(CTN News) – Apple is facing a potential setback after an EU tribunal ruled it had made legal errors when it sided with the iPhone maker in a tax dispute worth 13 billion euros ($14 billion).
Tax cases against multinational corporations were part of Margrethe Vestager’s crackdown on state aid deals between multinationals and EU countries. In 2014, Apple’s tax burden was artificially reduced to 0.005% by two Irish tax rulings that Apple had benefited from for more than two decades.
According to the General Court of the European Union, regulators had not met the legal standard to prove Apple had benefited unfairly.
Advocate General Giovanni Pitruzzella disagreed, saying CJEU judges should set aside the General Court’s decision and refer the case back to the lower court. According to him, the General Court’s judgment on the ‘tax rulings’ adopted by Ireland should be set aside.
The General Court committed a series of errors in law and failed to assess correctly certain methodological errors that vitiated the tax rulings, the Commission ruled. It is therefore necessary for the General Court to conduct a new assessment, Pitruzzella said.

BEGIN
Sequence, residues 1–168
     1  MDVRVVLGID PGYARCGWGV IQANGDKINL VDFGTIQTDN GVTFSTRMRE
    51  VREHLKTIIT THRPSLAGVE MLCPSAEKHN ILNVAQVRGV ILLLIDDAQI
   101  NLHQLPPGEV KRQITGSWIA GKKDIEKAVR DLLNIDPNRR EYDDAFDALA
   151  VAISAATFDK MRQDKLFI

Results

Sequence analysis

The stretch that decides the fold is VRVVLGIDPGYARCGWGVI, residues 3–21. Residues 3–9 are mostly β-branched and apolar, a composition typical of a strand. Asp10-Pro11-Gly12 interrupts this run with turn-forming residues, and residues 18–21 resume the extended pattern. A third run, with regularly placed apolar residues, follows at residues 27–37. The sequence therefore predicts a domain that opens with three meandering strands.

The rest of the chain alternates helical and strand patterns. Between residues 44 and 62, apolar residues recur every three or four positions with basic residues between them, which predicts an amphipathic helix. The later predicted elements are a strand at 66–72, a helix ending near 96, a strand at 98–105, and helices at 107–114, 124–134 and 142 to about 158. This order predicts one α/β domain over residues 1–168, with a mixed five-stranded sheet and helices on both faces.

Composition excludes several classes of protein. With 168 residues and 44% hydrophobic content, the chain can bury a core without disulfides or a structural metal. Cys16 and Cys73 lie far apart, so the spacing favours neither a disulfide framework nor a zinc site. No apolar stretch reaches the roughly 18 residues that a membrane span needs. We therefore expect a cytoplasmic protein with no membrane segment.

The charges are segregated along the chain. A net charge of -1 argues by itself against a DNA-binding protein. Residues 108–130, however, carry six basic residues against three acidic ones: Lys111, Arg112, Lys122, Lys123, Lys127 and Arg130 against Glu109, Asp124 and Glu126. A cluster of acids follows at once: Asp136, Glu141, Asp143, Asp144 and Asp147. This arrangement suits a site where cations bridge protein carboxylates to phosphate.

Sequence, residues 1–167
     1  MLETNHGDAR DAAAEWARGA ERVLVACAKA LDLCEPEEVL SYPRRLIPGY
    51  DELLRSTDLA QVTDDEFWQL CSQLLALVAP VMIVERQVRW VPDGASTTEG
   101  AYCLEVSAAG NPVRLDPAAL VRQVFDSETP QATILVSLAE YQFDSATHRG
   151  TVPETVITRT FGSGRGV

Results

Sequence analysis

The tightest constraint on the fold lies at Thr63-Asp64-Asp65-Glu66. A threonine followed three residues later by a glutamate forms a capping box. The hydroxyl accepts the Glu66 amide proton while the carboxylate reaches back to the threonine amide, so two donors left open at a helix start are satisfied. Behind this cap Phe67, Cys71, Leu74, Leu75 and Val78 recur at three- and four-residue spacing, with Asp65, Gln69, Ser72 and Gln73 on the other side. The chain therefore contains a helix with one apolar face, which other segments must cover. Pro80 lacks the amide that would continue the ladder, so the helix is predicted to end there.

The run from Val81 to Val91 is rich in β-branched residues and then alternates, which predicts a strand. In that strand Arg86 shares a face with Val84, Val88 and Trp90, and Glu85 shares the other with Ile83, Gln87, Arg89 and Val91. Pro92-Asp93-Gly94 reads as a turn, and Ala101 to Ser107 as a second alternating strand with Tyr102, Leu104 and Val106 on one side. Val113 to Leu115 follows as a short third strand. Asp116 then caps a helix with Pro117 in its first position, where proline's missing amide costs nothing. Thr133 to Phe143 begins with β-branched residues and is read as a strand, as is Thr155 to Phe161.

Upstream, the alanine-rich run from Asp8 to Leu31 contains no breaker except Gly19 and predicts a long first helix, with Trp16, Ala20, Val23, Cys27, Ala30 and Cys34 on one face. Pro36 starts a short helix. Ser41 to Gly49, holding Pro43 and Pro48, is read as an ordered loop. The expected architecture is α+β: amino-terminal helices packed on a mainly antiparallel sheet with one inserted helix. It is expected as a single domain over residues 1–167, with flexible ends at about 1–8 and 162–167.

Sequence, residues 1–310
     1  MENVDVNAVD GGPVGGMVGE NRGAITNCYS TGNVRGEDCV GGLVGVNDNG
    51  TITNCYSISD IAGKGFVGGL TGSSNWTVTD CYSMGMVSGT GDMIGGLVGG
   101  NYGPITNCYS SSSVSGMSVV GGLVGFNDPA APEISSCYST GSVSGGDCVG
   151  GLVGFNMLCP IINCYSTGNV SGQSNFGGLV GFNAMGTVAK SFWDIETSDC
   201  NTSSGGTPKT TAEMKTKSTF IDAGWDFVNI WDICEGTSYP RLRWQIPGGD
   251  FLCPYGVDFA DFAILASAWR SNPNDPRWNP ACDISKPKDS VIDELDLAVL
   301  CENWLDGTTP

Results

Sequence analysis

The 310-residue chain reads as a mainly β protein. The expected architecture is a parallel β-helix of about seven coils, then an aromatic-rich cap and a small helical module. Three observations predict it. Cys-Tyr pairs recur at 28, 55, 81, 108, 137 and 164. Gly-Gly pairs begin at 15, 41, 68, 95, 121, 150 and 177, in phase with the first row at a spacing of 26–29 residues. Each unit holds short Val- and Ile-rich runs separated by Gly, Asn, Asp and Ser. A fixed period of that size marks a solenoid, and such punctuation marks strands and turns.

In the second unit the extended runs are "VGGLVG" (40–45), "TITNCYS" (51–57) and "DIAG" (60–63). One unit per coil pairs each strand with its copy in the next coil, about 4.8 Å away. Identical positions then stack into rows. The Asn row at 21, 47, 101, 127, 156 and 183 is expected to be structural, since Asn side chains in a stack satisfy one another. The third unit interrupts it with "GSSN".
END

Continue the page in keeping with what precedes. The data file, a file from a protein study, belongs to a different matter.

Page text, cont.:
It follows around four of five of these recommendations, which will be decided by the CJEU in the upcoming months.
In a statement, Ireland reiterated that no state aid had been provided to Apple. In a statement, Michael McGrath explained that this opinion is not part of the judgment of the Court of Justice of the European Union, but is considered by the Court when it comes to a final ruling.
“Ireland has always maintained that the correct amount of Irish tax was paid to Apple and that Ireland did not provide any state aid to Apple.”
However, Apple still had to hand over the full amount, which Ireland kept in an escrow account while appealing the tax order.
According to the Irish government, even if the government loses the appeal and keeps the money, other EU member states will claim that they are owed some of the back taxes.
The court has been very patient and thoughtful in considering this case. We thank you for your time and consideration. According to a spokesperson for Apple, “The General Court ruled clearly that Apple received no selective advantage nor state aid. We believe that ruling should stand.”
During her time as a tax litigator, she has had a mixed record of success, with judges supporting Stellantis, Amazon, and Starbucks in her tax cases.
To date, her biggest legal victory has been the General Court’s decision to overturn a 700-million-euro Belgian tax scheme for 55 multinational companies in September. EU countries have been forced to scrap such sweetheart deals as a result of her tax crackdown.
In a case dating from 2017, Vestager is investigating Inter IKEA’s Dutch tax arrangement, as well as Nike’s Dutch tax rulings and Huhtamaki’s Luxembourg-granted tax rulings.